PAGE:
The final will be cumulative (covering all material taught in the course).

The final will be closed book, but you may bring a single sheet of 8.5x11in paper with any notes on both sides, prepared by you.

Although the final will cover all material taught, my primary recommendation for the final is that you know all of the algorithms taught in the course. Specifically, you should be able to

- run them on examples,
- answer basic questions about how they can be implemented,
- explain the basic ideas underlying their proofs of correctness, and
- explain what we've established about their worst-case running times are (for example, upper bounds on the worst-case running time, and the basic ideas underlying the proofs of those upper bounds).

- defining problems
- algorithms - what are they, how to describe them, difference between algorithms and implementations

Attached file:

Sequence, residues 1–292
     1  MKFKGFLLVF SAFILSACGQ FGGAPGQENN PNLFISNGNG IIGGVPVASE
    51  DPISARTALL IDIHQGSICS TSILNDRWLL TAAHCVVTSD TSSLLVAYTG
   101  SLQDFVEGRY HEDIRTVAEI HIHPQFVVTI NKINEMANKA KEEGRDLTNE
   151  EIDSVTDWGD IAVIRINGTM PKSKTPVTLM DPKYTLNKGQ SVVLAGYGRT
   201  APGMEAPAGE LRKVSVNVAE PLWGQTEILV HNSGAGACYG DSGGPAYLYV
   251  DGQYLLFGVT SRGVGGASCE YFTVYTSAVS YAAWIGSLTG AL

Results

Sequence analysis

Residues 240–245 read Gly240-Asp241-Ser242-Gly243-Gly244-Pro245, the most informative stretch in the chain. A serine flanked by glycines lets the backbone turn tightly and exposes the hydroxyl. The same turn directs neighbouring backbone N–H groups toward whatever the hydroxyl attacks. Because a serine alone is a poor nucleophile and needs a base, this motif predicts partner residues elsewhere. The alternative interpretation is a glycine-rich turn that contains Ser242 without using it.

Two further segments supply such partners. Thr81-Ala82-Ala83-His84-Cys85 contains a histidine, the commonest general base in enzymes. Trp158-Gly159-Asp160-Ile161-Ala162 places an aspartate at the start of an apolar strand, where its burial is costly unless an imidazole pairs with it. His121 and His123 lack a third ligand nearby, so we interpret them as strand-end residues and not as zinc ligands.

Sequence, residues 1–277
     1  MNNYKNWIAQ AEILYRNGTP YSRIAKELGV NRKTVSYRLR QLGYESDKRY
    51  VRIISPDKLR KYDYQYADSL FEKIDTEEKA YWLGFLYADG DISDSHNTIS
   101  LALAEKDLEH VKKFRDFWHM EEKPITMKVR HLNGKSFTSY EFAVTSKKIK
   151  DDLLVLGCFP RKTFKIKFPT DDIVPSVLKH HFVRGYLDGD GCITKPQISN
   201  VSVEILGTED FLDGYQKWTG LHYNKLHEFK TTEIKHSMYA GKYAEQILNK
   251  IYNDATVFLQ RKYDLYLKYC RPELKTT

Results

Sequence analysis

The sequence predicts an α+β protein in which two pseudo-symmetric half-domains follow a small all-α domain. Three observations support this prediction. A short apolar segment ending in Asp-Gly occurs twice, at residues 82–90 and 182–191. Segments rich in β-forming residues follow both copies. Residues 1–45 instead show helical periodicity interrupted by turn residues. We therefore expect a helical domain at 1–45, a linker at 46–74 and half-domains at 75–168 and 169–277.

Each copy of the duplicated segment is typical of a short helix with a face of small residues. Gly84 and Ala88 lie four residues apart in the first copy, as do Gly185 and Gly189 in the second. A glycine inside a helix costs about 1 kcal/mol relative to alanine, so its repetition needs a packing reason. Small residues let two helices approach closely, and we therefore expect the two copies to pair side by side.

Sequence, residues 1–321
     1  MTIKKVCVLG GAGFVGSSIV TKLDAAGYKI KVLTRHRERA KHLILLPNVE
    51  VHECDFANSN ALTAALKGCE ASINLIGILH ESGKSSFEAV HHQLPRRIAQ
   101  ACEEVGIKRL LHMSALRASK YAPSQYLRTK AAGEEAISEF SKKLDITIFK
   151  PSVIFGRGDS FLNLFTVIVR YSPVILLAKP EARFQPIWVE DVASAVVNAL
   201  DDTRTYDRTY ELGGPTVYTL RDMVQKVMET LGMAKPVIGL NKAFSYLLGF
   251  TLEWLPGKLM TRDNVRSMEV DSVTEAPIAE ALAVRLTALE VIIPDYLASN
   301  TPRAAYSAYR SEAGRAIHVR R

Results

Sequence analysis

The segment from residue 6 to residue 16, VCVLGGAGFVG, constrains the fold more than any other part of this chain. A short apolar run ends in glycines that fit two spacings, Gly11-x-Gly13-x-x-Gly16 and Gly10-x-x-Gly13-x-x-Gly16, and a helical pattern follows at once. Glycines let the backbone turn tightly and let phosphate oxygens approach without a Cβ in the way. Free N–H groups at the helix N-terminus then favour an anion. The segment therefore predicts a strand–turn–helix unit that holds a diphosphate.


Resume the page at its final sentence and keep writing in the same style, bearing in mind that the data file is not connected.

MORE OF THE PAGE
- algorithm correctness - what does it mean for an algorithm to be correct?
- algorithm worst-case running time

- Euclid's algorithm for greatest common divisor (correctness, upper bound on worst-case running time, lower bound on worst-case run time)

- Fibonacci numbers
- recursion diagrams

- big-O notation and its cousins Ω,Θ
- summations -- geometric sums, bounding sums

Lecture 11

- recurrence relations (see S04_CS141:RecurrenceRelations)

/Lecture5, /Lecture6, Lectures 7 and 8

- Dynamic programming (using fib numbers as an example)
- converting a recursive algorithm into a dynamic programming algorithm
- dynamic programming via caching
- dynamic programming via filling out a table bottom-up

Specific dynamic programming algorithms:

- counting paths from S to T in a DAG (directed acyclic graph) in linear time
- finding longest paths from S to T in a DAG in linear time
- computing "n choose k" -- the number of size-k subsets of {1,2,...,n}
- subset sum
- longest ascending subsequence
- longest common subsequence
- formatting text

Graphs and graph algorithms:

- depth-first search - /Lecture9
- detecting cycles in undirected and directed graphs
- finding cut vertices using low numbers - /Lecture10
- topological sort using DFS (S04_CS141:TopologicalSortByDFS)
- breadth-first search - distances from a vertex (S04_CS141:BreadthFirstSearch)
- shortest paths in weighted graphs -- Dijkstra's algorithm (S04_CS141:ShortestPathsByDijkstras)